When the Yankees realized they weren’t going to re-sign Robinson Cano, their immediate reaction was to invest in the outfield. They had a solid center fielder in place already, but the Yankees decided that the best Cano-alternative on the market was a longtime rival who covers a ton of ground and bats at the very top of the order. For $153 million, center field should be locked down for the next seven years.
Top of the depth chart: Jacoby Ellsbury
Backup options: Brett Gardner (maybe Ichiro Suzuki)
Also coming to camp: Slade Heathcott, Mason Williams, Antoan Richardson, Adonis Garcia
Deeper in the system: Jake Cave, Aaron Judge
In some ways, the Yankees know exactly what they’re getting in Jacoby Ellsbury. They’ve certainly seen him enough. He’s a career .297 hitter with terrific speed and strong defense, and he’s done that while playing in the American League East. In other ways, the Yankees can’t be sure about their long-term outfield investment. Ellsbury has battled sometimes unusual injuries over the years, and his best season included a power spike that he’s never come close to repeating. Ellsbury should give the Yankees a left-handed bat at the top of the order for years to come, and if that happens, he could force some of the Yankees top prospects to switch positions (or become trade bait) down the road.
Lingering question: All about health
Really, there is no lingering question in center field. Not a typical offseason question, anyway. We all know Ellsbury is the everyday guy. We know Brett Gardner is still in place to play some center fielder when Ellsbury’s legs need a rest. We know Ichiro Suzuki has been able fill in at the position from time to time as well, and we know that two of the Yankees better prospects are left-handed center fielders similar to Ellsbury himself. The real center field question heading into spring training is just how many games Ellsbury will be able to play. He’s had more than 600 at-bats in two of his past four seasons (and, to be fair, in four of his past six). As a leadoff hitter, the Yankees are certainly counting on Ellbury to play at least that much. They have another perfectly good center fielder on the roster, but the Yankees invested in Ellsbury expecting some immediate bang for their buck.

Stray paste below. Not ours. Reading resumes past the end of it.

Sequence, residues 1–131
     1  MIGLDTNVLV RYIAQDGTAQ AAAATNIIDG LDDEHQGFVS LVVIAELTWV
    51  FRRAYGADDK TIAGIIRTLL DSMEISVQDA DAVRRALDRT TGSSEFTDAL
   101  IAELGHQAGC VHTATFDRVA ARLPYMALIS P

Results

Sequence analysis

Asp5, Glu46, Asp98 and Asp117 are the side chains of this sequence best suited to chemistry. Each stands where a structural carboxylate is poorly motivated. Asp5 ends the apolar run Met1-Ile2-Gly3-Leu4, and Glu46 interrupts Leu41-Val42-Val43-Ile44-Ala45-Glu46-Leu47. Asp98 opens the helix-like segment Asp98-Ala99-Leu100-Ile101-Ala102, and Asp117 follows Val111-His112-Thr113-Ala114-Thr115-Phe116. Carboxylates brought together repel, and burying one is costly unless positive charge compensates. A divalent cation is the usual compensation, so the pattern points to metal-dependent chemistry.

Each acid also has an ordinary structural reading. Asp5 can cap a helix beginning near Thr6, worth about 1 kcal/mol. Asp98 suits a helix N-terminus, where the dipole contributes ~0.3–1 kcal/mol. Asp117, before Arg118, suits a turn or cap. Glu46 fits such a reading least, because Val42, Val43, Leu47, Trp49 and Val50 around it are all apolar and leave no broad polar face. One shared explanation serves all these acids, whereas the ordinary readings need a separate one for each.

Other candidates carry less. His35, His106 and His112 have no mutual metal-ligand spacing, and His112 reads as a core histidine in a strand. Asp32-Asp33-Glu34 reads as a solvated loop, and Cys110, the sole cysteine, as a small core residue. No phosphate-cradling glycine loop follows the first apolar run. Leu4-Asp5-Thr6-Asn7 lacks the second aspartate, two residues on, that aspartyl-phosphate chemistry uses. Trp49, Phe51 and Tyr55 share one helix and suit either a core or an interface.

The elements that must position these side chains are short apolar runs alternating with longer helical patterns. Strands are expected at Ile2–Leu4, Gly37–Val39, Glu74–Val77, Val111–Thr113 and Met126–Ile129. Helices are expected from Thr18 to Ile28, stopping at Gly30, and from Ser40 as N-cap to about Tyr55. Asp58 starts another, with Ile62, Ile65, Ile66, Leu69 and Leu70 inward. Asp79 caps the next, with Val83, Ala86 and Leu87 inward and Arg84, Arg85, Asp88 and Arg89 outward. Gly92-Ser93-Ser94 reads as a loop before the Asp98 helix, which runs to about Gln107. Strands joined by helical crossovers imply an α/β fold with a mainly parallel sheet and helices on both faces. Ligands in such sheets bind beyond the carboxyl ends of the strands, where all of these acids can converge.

Worth watching this spring: The guys you’ve heard all about
Getting adjusted to the sight of Ellsbury in pinstripes should happen fairly quickly. After that, he’ll play center and get ready for the season. Interesting and important, but nothing we haven’t seen before. There will be a different sort of curiosity around Mason Williams and Slade Heathcott. Generally accepted as two of the Yankees top prospects — and certainly two of their best upper-level prospects — Williams and Heathcott are left-handed leadoff types who play good defense in center. The absolute ceiling for each of them is probably something similar to Ellsbury. Both have had somewhat uneven careers marketed by injuries and a few off-the-field problems, but both are talented, and both have been on the prospect radar for years. This would be a good year for a breakout season, and it might as well start with a strong showing in big league camp.
Best-case scenario: MVP candidate up the middle
The Yankees lost their usual MVP contender when Cano signed with the Mariners, but Ellsbury has been in the MVP conversation in two of the past three years, and the could give the Yankees another up-the-middle MVP candidate this year. Even a season like he had in 2013, when Ellsbury was a kind of bottom-of-the-ballot possibility, would be productive and helpful. If he can get closer to his 2011 numbers — maybe run into a few more homers because of Yankee Stadium’s short porch — that would be even better. With Ellsbury and Gardner covering a ton of ground in the outfield and providing a one-two speed punch on the bases, the Yankees could have an exciting dynamic to their everyday lineup, but it needs to start with Ellsbury being a true standout.
Worst-case scenario: Back of his baseball card
For each position, it’s easy to say that an injury is the worst-case scenario. Obviously that’s always true. In Ellsbury’s case, though, it seems especially relevant. The back of his baseball card shows he played just 18 games in 2010, and that he played less than half of the games in 2012. In fact, I’ll point to 2012 as Ellsbury’s most reasonable worst-case scenario. That season, he played just 74 games, but that’s only half of the problem. The other half is that he hit just .271/.313/.370. He has to get on base more often than that to utilize his speed and become something close to the impact player the Yankees envisioned when they gave him such a massive contract.
Keep and eye on this year: Where’s Aaron Judge playing?
Amazing that a guy who hasn’t played a single professional game can already stir such excitement and anticipation, but that’s certainly the case with Aaron Judge. He was the Yankees second pick last year — a supplemental selection — but he didn’t play because of a quad issue. Even so, the Yankees have acknowledged the possibility of pushing Judge all the way to High-A Tampa for his professional debut. He’s a huge guy — 6-foot-7, built like a strong safety — and his power potential is immense. Most expectation is that Judge will settle into right field, but there could be some chance of testing his athleticism in center.
Associated Press photo